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Regulatory actions of the A-kinase anchoring protein Yotiao on a heart potassium channel downstream of PKA phosphorylation.

Junko Kurokawa, Howard K Motoike, Jenny Rao, Robert S Kass

Proc. Natl. Acad. Sci. U.S.A., 2004 Nov 16 , 101, 16374-8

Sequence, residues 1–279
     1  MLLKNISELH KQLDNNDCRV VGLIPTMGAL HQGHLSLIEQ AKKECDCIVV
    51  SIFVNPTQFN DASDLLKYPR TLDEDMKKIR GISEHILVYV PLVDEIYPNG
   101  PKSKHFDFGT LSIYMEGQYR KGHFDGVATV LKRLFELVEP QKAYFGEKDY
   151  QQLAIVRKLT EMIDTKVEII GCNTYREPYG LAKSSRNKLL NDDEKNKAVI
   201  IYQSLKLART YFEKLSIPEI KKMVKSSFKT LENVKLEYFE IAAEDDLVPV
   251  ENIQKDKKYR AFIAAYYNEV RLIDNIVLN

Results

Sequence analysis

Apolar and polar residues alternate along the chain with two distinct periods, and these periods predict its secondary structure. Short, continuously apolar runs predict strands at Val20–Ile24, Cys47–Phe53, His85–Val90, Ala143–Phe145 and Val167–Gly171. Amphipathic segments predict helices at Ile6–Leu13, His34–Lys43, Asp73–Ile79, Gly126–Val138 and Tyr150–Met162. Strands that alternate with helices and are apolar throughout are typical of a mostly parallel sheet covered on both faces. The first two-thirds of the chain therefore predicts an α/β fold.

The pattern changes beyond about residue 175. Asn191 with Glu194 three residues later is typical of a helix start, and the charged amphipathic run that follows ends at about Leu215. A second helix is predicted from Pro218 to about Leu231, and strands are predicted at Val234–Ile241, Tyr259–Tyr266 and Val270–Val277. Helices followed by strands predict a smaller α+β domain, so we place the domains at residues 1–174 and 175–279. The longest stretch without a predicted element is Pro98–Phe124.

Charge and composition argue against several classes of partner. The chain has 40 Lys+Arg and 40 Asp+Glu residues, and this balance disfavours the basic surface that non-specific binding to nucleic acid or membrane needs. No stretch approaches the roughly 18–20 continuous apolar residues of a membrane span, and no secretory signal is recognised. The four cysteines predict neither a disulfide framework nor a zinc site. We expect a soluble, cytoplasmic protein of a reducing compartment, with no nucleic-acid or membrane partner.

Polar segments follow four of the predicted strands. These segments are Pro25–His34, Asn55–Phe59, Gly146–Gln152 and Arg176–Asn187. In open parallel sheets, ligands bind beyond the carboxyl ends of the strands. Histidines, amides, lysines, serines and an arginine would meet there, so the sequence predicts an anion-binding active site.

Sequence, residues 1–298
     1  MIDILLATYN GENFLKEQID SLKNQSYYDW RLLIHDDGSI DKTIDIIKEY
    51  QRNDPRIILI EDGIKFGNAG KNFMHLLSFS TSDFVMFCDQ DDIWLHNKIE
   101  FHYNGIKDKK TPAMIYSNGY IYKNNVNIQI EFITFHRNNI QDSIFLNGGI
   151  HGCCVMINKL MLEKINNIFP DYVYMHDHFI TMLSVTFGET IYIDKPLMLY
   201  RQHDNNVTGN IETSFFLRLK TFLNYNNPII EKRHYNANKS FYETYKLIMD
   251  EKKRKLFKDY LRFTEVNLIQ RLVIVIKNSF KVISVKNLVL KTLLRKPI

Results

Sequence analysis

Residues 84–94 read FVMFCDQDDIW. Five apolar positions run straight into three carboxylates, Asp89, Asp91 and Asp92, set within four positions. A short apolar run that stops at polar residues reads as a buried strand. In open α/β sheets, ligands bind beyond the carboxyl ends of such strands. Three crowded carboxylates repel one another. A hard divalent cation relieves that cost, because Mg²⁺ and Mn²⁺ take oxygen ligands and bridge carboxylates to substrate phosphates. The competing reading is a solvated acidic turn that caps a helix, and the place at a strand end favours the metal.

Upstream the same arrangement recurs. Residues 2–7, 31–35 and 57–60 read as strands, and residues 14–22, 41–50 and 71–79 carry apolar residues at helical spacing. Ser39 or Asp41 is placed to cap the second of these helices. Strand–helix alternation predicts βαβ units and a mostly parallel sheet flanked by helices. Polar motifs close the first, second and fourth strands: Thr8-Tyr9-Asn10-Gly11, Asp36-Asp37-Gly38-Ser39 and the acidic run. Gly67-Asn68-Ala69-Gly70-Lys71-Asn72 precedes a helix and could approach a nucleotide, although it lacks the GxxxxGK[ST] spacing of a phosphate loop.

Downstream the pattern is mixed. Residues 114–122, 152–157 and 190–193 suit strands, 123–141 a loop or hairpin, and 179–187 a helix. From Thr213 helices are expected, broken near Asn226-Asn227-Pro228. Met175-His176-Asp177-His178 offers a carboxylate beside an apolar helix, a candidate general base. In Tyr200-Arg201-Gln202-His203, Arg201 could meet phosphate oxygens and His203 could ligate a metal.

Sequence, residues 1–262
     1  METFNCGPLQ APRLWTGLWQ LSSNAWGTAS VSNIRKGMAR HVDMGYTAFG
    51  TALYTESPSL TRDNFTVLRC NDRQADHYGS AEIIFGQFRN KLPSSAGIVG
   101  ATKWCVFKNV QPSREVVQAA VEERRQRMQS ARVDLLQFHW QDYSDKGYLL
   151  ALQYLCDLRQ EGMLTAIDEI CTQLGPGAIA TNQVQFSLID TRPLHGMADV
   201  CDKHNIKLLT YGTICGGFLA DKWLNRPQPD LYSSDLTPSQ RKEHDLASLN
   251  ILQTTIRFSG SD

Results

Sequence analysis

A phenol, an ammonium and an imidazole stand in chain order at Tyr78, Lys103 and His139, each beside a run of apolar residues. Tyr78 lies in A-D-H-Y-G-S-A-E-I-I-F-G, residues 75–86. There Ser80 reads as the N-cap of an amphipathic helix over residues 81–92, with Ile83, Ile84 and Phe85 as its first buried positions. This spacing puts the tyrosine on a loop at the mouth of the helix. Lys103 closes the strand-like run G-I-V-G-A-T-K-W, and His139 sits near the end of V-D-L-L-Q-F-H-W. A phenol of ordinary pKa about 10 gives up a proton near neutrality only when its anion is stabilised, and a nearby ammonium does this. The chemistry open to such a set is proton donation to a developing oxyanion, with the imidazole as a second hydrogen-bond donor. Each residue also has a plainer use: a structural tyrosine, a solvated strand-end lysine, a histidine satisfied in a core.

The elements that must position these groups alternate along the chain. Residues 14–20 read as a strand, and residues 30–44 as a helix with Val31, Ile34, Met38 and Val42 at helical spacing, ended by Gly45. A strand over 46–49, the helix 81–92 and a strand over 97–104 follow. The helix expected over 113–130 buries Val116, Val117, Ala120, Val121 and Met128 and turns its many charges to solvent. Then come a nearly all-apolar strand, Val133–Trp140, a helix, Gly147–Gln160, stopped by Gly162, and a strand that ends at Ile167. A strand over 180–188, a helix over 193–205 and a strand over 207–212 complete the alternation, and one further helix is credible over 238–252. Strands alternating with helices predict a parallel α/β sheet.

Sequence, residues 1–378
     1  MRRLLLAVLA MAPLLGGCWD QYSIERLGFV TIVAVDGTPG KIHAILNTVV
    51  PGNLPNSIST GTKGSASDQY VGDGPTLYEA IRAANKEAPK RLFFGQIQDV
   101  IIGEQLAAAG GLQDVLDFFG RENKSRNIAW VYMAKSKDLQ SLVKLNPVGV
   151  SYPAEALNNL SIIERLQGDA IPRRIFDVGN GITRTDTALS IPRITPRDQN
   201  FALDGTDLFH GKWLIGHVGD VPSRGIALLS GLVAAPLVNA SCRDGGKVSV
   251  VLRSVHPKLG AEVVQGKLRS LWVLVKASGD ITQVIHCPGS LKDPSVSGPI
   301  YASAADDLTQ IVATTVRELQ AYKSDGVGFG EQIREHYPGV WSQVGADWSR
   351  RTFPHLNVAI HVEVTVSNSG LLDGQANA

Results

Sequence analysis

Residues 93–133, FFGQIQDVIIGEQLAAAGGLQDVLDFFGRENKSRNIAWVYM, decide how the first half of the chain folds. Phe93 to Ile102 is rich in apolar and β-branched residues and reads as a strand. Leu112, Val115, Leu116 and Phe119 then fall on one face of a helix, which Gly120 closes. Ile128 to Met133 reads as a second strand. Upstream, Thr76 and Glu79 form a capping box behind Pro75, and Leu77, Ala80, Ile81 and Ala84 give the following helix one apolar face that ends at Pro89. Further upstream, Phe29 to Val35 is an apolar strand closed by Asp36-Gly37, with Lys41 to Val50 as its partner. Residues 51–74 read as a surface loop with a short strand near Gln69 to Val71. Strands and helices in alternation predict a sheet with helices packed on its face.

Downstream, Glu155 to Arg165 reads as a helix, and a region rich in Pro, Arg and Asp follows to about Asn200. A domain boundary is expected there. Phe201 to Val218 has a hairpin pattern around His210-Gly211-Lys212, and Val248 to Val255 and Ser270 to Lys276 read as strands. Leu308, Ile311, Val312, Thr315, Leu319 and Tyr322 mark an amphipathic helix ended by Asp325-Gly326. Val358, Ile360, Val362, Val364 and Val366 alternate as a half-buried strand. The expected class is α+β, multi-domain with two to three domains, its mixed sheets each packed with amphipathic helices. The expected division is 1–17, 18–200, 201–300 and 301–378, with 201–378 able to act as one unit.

A-kinase anchoring proteins (AKAPs) are thought to be passive members of protein complexes that coordinate the association of cAMP-dependent protein kinase A (PKA) with cellular substrates to facilitate targeted PKA protein phosphorylation. I(Ks), the slow heart potassium current, is carried by the I(Ks) potassium channel, a substrate for PKA phosphorylation in response to sympathetic nerve stimulation, is a macromolecular complex that includes the KCNQ1 alpha subunit, the KCNE1 regulatory subunit, and the AKAP Yotiao. Disruption of this regulation by mutation in the long QT syndrome is associated with elevated risk of sudden death. Here, we have studied the effects of the AKAP Yotiao on the function of the I(Ks) channel that had been mutated to simulate channel phosphorylation, and we report direct AKAP-mediated alteration of channel function distinct from its role in the coordination of channel phosphorylation by PKA. These data reveal previously undescribed actions of Yotiao that occur subsequent to channel phosphorylation and provide evidence that this adaptor protein also may serve as an effector in regulating this important ion channel.